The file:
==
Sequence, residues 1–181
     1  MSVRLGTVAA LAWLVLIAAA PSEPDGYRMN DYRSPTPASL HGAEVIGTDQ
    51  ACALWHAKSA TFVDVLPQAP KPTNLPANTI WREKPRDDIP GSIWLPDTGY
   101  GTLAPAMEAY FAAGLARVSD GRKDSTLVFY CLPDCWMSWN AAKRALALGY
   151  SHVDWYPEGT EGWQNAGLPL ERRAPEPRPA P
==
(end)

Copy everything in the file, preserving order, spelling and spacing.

Sequence, residues 1–181
     1  MSVRLGTVAA LAWLVLIAAA PSEPDGYRMN DYRSPTPASL HGAEVIGTDQ
    51  ACALWHAKSA TFVDVLPQAP KPTNLPANTI WREKPRDDIP GSIWLPDTGY
   101  GTLAPAMEAY FAAGLARVSD GRKDSTLVFY CLPDCWMSWN AAKRALALGY
   151  SHVDWYPEGT EGWQNAGLPL ERRAPEPRPA P